Posted by: GourmetGirl | September 29, 2010

Slippers Galore!

There are Slippers Galore in Amy Polcyn’s new book: Knit a Dozen Plus Slippers.

Amy and I both have something in common that I just discovered: We both have designs in the November issue of Creative Knitting Magazine that has just hit the newsstands. Check out the issue!

Now on to slippers, slippers and more slippers!

I was able to ask Amy a few questions……

And of course, my 1st was:

How many pairs of slippers do you and your family own!? Do you wear a different pair each day? And which is your absolute favorite pair? And Amy Replied:  Well, we’d have more if I had more time for personal knitting!  My daughter has a pair of the Brightly Beaded Moccasins from the book (she wears adult sizes these days), my husband is sadly slipperless, (unless you count the pair he bought that look like gorilla heads, but I’m planning to knit him some for Christmas, don’t tell!), and I have several pairs, both those designed by others and designed by me.  Lately I’ve been wearing the Mary Jane slippers from the book since the weather cooled off a bit.

 Your toe method is not a commonly used method. Could you tell us about that choice?
I love working socks from the toe up, so I wanted to incorporate that into the book as well.  There are a lot of methods people use for knitting toe up socks (or slipper socks, for that matter!), but my personal favorite is starting with a provisional cast on worked into a crocheted chain.  It’s easy, and working back and forth in rows for the toe gives the knitting a chance to get more substantial before switching to working in the round.  That’s the problem I run into when I try to start toe up with a Turkish or figure-8 cast on–the first few rounds are awfully fiddly, at least for me.
What made you choose bulky weight yarn for these socks?
I chose the bulky weight yarn both for warmth and also for speed.  I wanted some of the projects to be lightning fast to knit, especially since slippers make great gifts.  I’ve had a number of “emergency” gift situations so it’s good to have some project ideas on hand that can be finished when time is tight.
Could a knitter easily substitute a worsted weight?
You could, though it would take a little math and planning.  The best thing to do would be to take a look at the Fair Isle Boots,  since they’re a slipper sock knit in worsted weight, to get a sense of gauge and number of stitches needed.  You would need to cast on half the amount of stitches for the foot for the provisional cast on, and work short rows for the toe until about 1/3 or so of the stitches are unwrapped in the center of the row.  Work the foot as normal, then repeat the toe for the heel.  When it comes to the patterning on the cuff, take a look at the number of stitches in a repeat and adjust your stitch count to fit.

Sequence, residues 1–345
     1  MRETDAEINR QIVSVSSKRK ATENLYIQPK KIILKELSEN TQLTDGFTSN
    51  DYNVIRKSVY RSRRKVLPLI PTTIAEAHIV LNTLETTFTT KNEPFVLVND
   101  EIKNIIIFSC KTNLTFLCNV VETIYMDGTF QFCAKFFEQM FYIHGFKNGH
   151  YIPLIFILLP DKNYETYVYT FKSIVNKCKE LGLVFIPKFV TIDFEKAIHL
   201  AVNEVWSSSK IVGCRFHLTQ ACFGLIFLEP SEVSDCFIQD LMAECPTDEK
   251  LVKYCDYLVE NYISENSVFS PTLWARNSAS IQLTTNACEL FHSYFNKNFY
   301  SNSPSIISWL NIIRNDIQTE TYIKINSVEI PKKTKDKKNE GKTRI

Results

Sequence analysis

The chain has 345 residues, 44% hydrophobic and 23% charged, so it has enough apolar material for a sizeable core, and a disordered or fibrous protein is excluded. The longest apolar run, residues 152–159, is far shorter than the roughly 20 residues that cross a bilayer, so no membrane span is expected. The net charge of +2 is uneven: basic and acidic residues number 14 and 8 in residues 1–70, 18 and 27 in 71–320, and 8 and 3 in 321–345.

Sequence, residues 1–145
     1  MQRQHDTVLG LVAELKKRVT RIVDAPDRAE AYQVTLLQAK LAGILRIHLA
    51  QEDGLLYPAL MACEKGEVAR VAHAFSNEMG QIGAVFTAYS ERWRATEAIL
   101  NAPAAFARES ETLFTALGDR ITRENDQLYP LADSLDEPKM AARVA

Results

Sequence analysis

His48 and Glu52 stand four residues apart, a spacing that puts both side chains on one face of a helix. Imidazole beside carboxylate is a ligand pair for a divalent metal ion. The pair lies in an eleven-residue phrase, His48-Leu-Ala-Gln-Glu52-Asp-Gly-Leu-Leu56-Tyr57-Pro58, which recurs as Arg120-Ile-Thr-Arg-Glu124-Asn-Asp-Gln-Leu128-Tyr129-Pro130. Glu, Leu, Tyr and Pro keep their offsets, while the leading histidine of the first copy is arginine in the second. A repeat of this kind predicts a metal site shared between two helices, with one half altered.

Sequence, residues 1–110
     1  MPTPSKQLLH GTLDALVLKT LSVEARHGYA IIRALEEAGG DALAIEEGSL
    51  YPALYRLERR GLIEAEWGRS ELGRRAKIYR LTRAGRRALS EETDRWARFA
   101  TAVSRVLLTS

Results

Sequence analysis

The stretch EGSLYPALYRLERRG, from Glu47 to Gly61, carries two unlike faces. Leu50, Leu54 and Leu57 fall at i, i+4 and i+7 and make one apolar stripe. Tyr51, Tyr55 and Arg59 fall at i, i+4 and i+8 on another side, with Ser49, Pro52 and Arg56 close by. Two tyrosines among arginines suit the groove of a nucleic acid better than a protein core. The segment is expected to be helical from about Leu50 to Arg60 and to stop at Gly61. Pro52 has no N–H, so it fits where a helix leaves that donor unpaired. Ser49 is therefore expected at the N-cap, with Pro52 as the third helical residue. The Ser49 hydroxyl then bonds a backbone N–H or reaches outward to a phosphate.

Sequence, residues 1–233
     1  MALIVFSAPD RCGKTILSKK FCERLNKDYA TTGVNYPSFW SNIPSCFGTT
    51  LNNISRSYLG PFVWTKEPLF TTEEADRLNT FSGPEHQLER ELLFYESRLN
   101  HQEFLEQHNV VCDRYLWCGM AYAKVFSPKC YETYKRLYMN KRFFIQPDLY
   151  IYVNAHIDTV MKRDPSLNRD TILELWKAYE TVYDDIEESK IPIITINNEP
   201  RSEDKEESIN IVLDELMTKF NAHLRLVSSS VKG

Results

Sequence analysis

What is your favorite yarn to knit slippers with?
I’m a big fan of yarns in the DK-slightly bulky range, and I love color.  When it comes to slippers, I’m prone to be a bit more daring than I would for sweaters, so I often use variegated or hand painted yarns. I also like my slippers warm, so I’d generally choose a wool yarn when knitting them for myself.  Of course, wool isn’t the best option for everyone, so I included some non-wool yarns among the patterns as well.

I hope you have had a wonderful time on your slipper blog tour! And please do stop by again!

You can buy your copy of Amy’s book  today/tonight/even wee hours of the morning and get started on that holiday gift list! I am sure Amy has already decided what her slipperless husband will be wearing on his feet!  Maybe the Ribbed Toe-Up Slipper Socks shown at the left?

Just click on the image and you can get your copy either digitally or in print and get some slippers on your feet!

Happy Slipper Knitting!



  1. These look like they might make an easy first attempt at socks. What do you think???

  2. Hello,

    I really love this kind of slippers but I would like to know if they are made with two needles or five( socks knitting needles). I love knitting with two but hate with five.

    Thank you

    • Like Michelle said, These look like they might make an easy first attempt at socks. starting at the toe is not the way most would try socks first, but why not!
      And like socks, even if the pattern is written for DPN’s (which it is) you can always use two circular needles instead!
      So Rocio! Use 2 circular needles and get your feet warm!

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